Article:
Change does not only take place at the level of the employees, also organizational structures are changing. The more complex factories and networks creating added values are structured, the more difficult and complicated is their adaptation. Dynamic and modular company structures may be a solution. Thanks to a flexible organization and technology, employees can plan and manage change. Again, Industry 4.0 applications may provide support. They enable decentralized control of certain parts of the factory or of the entire network. Intelligent assistance systems can make the impacts of changes visible to the employees. This largely contributes to the efficiency of change: “Implementing the capability of change in all areas and at all levels would not be reasonable, as the additional expenses would be too high,” Gisela Lanza says. “Companies rather have to identify the needs of change for all areas.”

 

These and other results as well as best practices are described in detail in the study “Wandlungsfähige, menschzentrierte Strukturen in Fabriken und Netzwerken der Industrie 4.0” (Human-centered structures capable of change in factories and networks of Industry 4.0). “We want to support companies identify the needs of their productions and successfully implement the capability of change by technical, organizational, and human means,” Lanza says.

 

Official Presentation of the Study at the Hannover Messe 2018

on April 26, 2018, 12 to 13 hrs, hall 2, Forum tech transfer

Discussion: Wandlungsfähige, menschzentrierte Strukturen in Fabriken und Netzwerken der Industrie 4.0 (Human-centered structures capable of change in factories and networks of Industry 4.0), in German only

Participants:   

Konrad Klingenburg (IG Metall),
Professor Gisela Lanza (KIT, wbk),
Dr. Manfred Wittenstein (WITTENSTEIN SE)

 

About the Study

The study covers three project stages: In a fireside chat, representatives of science, industry, and associations of employers and employees first discussed the impacts of technologies and methods of the fourth industrial revolution on the capability of change of factories and networks. In the second project stage, experts and actors of leading companies and associations of employees reported their experience relating to Industry 4.0 and the capability of change. In addition, they presented their expectations regarding the further development and application of the corresponding technologies. By means of best practices from their environment, they illustrated the extent to which the capability of change is implemented at their companies. In the third project stage, representatives of industry, associations of employers and employees as well as of politics and science discussed the results of the first two phases. In the plenum and in parallel work sessions, they identified different perspectives (e.g. of the supervisory board, management, trade union, expert planners) as well as prerequisites, opportunities, and risks.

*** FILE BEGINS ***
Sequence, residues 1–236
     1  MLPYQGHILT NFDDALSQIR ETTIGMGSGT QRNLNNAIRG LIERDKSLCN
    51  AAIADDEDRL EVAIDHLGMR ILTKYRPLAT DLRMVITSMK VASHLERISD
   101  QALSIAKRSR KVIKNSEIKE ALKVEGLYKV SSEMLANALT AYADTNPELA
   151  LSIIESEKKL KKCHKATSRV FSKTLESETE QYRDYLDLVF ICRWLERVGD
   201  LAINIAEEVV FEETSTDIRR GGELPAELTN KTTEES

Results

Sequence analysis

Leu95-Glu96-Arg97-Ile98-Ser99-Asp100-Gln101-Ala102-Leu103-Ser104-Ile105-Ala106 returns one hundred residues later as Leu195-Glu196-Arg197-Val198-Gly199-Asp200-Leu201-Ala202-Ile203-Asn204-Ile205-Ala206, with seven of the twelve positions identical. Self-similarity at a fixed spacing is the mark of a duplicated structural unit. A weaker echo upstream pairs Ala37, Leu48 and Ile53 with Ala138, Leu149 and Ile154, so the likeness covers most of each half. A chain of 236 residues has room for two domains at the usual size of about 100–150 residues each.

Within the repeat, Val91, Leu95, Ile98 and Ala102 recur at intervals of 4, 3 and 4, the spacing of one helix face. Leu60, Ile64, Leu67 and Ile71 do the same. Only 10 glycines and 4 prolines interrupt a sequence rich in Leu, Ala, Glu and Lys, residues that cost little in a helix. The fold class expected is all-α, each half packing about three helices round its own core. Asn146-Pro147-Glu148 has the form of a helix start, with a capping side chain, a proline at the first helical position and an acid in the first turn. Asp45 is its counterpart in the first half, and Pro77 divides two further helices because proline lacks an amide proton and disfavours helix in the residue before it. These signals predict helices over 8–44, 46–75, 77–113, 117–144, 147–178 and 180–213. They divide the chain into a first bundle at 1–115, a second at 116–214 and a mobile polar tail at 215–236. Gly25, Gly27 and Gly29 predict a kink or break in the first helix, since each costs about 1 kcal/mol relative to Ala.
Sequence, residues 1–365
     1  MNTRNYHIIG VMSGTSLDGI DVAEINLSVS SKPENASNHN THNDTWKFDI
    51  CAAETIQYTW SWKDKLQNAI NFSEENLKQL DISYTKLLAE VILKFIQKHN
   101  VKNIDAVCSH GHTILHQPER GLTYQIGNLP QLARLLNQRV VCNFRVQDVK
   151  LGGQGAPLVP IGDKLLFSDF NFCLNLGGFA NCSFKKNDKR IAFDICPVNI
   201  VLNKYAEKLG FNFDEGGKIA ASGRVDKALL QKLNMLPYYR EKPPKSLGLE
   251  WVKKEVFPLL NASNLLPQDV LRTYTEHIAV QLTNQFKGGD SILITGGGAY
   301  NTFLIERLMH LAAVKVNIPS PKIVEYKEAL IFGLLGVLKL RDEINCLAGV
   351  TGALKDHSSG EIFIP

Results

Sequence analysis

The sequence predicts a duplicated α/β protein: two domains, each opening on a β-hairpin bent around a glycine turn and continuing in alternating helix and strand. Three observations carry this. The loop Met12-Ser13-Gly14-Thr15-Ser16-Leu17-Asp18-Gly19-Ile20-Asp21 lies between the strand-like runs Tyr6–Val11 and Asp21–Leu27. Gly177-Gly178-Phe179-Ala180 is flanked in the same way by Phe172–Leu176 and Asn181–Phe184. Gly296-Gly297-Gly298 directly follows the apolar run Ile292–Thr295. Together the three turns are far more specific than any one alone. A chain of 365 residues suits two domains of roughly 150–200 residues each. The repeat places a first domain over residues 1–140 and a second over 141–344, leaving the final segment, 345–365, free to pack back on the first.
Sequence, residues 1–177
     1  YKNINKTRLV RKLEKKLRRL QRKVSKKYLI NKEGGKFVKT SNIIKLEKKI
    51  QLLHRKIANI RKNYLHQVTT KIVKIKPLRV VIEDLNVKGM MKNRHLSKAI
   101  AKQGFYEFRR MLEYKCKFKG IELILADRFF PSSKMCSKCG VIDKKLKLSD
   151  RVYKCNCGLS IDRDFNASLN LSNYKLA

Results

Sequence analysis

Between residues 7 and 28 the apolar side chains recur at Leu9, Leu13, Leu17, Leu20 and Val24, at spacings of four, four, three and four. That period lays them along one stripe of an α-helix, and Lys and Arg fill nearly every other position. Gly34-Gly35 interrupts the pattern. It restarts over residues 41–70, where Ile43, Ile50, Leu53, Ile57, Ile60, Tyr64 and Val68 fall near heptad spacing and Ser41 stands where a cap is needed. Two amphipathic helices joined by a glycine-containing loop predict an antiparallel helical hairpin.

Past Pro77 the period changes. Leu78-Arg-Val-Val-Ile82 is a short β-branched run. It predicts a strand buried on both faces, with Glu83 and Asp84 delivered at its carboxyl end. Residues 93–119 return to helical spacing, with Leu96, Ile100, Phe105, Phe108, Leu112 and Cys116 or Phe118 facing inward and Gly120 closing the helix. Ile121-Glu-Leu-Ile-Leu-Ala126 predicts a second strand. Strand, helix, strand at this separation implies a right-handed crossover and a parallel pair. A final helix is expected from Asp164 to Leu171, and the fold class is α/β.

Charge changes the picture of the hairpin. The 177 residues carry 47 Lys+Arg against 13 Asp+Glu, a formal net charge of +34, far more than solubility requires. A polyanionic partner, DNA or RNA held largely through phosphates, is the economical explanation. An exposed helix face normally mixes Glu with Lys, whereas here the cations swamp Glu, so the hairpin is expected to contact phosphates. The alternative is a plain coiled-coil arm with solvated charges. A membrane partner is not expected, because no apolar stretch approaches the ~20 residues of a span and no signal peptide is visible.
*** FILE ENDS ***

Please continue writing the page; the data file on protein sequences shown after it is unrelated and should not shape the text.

The study “Wandlungsfähige, menschzentrierte Strukturen in Fabriken und Netzwerken der Industrie 4.0” (Human-centered structures capable of change in factories and networks of Industry 4.0) (in German only) can be requested by electronic mail to presseHkc2∂kit edu

 

Being „The Research University in the Helmholtz Association“, KIT creates and imparts knowledge for the society and the environment. It is the objective to make significant contributions to the global challenges in the fields of energy, mobility and information. For this, about 9,300 employees cooperate in a broad range of disciplines in natural sciences, engineering sciences, economics, and the humanities and social sciences. KIT prepares its 25,500 students for responsible tasks in society, industry, and science by offering research-based study programs. Innovation efforts at KIT build a bridge between important scientific findings and their application for the benefit of society, economic prosperity, and the preservation of our natural basis of life.

wer, 26.04.2018

Press contact:

Margarete Lehné
Stellvertretende Pressesprecherin
Phone: +49 721 608-21157
Fax: +49 721 608-45681
margarete lehneJaz1∂kit edu
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The press release is available as a PDF file.